“Leadership is absolutely crucial,” she said – and she thinks city governments are well placed to provide it, particularly with national action faltering in parts of the world. We get up in the morning and do something. That’s the fantastic thing about city government. We do things and we change people’s lives.”
Price Tags is blessed with an educated base of very informed readers, who richly contribute to the comment section. Price Tags editors want to share the following comment from reader Alex Botta, who writes comprehensively and coherently about the challenges ahead in navigating a Provincial boat potentially helmed by three different skippers.
“The urban-rural divide is now clearer than ever, and Christy helped widen it. Many of the comments following posted CBC and Globe & Mail news stories about the election results indicated absolute disdain for Metro Vancouver from the hinterlands. Several pointed out that city dwellers do not know much about rural areas. Maybe so, but I also read a huge amount of ignorance about the city and how important it is to the provincial economy. The next government must find ways to bridge that divide.
The overlap between the Green and NDP platforms is quite remarkable. I believe they have the basic working foundations of a coalition already in place. Andrew Weaver was interviewed on The National last night. I had to watch part of the following National broadcast to make sure I heard him right. He reiterated with passion that the deal breaker issues to the Greens backing another party were: i) to take the money out of politics; and ii) and to not allow more bitumen tankers in our waters. Redirecting LNG into renewables and a number of other issues on housing, instituting proportional representation, and raising the carbon tax are also on the table. He also said he will not be bribed with a cabinet seat, and said he didn’t leave his career as a climate scientist at its pinnacle just to be bought by the promise of a place in cabinet. The interview with Weaver starts about 10 minutes in:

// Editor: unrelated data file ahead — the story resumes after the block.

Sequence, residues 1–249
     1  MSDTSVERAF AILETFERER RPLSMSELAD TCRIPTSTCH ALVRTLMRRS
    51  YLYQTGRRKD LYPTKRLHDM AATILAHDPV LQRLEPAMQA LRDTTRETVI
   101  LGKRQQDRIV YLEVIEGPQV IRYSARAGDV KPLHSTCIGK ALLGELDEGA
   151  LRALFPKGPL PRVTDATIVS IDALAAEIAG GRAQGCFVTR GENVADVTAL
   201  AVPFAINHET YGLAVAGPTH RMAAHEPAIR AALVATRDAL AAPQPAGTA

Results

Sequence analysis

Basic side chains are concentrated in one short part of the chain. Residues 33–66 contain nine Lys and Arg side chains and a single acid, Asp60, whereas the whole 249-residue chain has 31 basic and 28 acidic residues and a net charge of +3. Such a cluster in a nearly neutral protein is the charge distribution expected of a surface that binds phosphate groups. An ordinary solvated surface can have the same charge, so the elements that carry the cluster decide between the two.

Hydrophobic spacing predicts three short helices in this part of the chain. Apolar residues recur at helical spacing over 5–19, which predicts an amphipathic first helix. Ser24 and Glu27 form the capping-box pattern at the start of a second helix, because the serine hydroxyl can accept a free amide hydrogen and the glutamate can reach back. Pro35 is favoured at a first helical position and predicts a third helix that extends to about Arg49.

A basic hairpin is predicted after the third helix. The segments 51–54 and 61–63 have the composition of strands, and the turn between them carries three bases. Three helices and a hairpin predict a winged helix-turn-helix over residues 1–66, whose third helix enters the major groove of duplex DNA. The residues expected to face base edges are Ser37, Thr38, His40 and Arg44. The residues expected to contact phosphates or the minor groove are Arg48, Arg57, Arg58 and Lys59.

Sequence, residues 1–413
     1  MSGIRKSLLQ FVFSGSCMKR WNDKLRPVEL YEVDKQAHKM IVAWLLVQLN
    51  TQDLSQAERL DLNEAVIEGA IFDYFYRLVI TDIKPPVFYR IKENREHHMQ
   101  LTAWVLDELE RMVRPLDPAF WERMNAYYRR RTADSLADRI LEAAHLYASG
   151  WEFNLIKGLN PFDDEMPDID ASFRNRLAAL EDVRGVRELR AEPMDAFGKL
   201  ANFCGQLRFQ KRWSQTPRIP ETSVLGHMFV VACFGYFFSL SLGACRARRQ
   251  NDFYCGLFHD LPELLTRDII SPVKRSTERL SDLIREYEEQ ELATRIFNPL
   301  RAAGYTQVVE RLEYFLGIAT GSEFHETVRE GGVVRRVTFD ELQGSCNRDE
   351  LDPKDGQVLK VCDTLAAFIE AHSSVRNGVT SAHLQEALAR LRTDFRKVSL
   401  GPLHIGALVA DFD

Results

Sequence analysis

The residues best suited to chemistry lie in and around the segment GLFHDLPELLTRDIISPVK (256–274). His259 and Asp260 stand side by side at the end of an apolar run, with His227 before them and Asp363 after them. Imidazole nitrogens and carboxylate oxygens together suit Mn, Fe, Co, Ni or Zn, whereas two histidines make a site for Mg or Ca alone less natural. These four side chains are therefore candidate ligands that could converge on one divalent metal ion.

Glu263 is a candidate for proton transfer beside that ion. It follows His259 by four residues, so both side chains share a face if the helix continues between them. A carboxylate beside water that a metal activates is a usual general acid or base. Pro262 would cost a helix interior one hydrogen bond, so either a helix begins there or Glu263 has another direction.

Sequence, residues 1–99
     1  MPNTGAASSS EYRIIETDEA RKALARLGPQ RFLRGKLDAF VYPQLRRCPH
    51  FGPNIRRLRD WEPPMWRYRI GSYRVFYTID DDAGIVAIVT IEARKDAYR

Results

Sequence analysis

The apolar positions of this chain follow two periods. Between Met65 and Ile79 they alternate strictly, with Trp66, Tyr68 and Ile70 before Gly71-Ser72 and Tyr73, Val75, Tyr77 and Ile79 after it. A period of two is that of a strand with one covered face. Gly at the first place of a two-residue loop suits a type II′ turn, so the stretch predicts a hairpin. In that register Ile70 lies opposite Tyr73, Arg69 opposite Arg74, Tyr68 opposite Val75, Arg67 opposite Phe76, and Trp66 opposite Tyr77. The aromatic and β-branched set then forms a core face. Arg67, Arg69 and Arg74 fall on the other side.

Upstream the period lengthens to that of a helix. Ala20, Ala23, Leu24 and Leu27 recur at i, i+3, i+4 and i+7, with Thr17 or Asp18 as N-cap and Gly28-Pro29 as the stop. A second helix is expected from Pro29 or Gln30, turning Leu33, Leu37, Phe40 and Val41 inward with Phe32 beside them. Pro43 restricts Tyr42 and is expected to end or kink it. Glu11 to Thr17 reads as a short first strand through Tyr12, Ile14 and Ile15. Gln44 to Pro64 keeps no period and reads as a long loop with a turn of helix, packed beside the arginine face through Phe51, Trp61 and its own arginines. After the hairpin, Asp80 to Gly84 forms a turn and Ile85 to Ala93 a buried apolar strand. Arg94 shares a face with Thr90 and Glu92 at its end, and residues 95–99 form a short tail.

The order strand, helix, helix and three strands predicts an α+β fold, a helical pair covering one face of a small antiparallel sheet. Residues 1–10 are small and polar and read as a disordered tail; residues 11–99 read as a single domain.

For the life of me, I really don’t see Christy Clark agreeing to any of these negotiating points. If she does work something out with Weaver she will obviously be doing it as a temporary measure, all the while wielding that million watt instant fake smile of hers and issuing unbelievable comments about what a good environmentalist she is, and maybe purchase a couple of green sweaters for photo-ops in front of green trees while hugging bunnies. Meanwhile, she’ll keep the curtain closed on the bursting closet of her policies on fossil fuels, biding her time until she can stab the Greens in the back and try for another strong majority even though 59% of the vote this week went to the progressive side of the ledger.
Keep in mind when the final votes are counted she may form a very slim majority of one or two seats and cancel the need for an agreement with Weaver et al, which could collapse if a couple of MLAs get the flu and miss a crucial vote. The same applies to an NDP-Green government. It may be wise for both parties to hand out vitamins and surgical masks at the door to every meeting.
If the Greens and NDP are really serious about bringing the BC economy into the 21st Century they would negotiate a two or three-term agreement to stop competing with each other in every riding and run one candidate against the Liberals in key locations, therein likely attaining majority status until proportionality is fully realized. Three terms as a BC NDP-Green coalition government will potentially change the entire nation for the better by creating hundreds of thousands of well-paying jobs in renewables (potentially over 150,000 in wind power alone), in construction around greatly expanded urban transit, lowering emissions remarkably, fostering innovation labs through directed educational institute funding in partnership with industry, and so on.